The present study attempted to evaluate the quality of life among patients with migraines and determine the factors associated with it. In this study, we measured patients’ quality of life using migraine-specific quality of life questionnaire (MSQ), version 2.1. Based on our findings, the overall mean (SD) scores of RR, RP, and EF score were 67.7 (SD 19.7), 68.5 (SD 20.6), and 70.6 (SD 22.1), respectively, with an overall mean MSQ score of 68.9. This result is consistent with Pradeep et al. [23]. They found that, the overall mean score of MSQoL was 69.8 (SD 14.7). On the other hand, our results are better when compared to another study, conducted in Riyadh, Saudi Arabia [16]. According to their findings, the overall mean scores of RR, RP, and EF were; 51.8, 54, and 46.3, respectively, which are lower than our study. The possible reason for better QOL scores in our study compared to Riyadh, could be the study setting. We recruited participants from general population, while the later recruited from a neurology clinic, where it is likely that people with more severe disease were included. This is also reflected in our results as 56% of participants in our study were of low-frequent attacks of migraine. Another study from Malaysia, used the World Health Organization Quality of Life Instrument (WHOQOL-BREF) questionnaire. It was found that the patients with migraine experienced significantly lower QOL [12]. They further reported that, 73% experienced a severe disability, with a significantly higher number of days with headaches and pain scores.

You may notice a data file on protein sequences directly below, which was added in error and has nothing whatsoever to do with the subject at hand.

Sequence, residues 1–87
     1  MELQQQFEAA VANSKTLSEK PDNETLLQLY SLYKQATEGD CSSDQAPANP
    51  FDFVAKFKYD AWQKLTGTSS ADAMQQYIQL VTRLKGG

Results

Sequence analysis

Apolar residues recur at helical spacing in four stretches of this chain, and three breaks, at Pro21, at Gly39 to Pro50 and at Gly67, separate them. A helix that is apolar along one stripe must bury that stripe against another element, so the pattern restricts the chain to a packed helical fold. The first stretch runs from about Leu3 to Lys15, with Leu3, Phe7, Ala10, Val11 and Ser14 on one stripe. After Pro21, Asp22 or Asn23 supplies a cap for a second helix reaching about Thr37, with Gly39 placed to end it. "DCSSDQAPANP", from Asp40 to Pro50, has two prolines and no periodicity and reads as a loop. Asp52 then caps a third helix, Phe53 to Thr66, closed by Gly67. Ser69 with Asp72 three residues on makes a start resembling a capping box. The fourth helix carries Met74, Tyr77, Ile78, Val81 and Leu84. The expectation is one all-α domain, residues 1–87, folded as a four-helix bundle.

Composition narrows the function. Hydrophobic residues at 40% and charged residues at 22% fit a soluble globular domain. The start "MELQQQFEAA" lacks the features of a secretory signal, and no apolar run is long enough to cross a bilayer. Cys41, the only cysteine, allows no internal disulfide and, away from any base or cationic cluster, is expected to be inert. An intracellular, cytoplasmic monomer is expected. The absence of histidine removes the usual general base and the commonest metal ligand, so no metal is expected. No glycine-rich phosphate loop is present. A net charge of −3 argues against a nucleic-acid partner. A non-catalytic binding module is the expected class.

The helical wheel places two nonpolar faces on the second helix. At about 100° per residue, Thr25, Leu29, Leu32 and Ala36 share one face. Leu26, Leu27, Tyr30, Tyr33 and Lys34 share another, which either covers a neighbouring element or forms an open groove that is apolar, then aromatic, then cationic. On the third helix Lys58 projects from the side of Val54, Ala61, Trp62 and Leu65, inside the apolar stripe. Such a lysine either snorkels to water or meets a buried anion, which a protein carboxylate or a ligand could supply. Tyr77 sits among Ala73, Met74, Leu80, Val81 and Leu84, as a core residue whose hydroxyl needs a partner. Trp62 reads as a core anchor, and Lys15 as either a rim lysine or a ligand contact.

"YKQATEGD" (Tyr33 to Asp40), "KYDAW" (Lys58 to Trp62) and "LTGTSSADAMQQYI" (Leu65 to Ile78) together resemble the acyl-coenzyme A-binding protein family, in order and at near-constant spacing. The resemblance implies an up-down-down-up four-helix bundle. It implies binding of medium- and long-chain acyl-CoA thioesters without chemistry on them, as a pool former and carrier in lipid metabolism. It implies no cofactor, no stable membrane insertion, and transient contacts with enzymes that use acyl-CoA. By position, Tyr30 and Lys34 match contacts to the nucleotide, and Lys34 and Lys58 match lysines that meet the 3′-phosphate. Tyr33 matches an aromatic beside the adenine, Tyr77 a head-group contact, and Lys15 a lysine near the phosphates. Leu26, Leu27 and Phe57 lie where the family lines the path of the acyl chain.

It is important to note that the most commonly used medication for the immediate treatment of migraine was paracetamol (42.2%), followed by strong painkillers (27.2%) with 15.9% were using a combination of paracetamol and painkillers. Furthermore, the most commonly used preventive medication for migraines was propranolol (10.6%) and amitriptyline (10%). These reports corroborated with the paper of AlHarbi and colleagues [16]. They reported that the most commonly used medication for the treatment of headache was paracetamol, while amitriptyline had been used for preventive therapy of migraine. In our study, more than half (53.8%) were not using preventive medication for the treatment of migraine which was higher than previous reports [16].

Various socio-demographic and health related characteristics have been reported to be associated with QOL of migraine patients.. In Riyadh, Saudi Arabia, a study indicated that low QOL showed a direct association with young age, long disease duration, frequent migraine attacks, and presence of chronic diseases [16] While in our study, age, duration of disease and presence of chronic diseases showed no significant association with QOL of migraineurs. Conversely, Terwindt et al. [13] documented that significantly more migraineurs had asthma or chronic musculoskeletal pain. In this study gender and educational status showed no effects on QOL which is consistent with findings of a study from Riyadh, Saudi Arabia [16].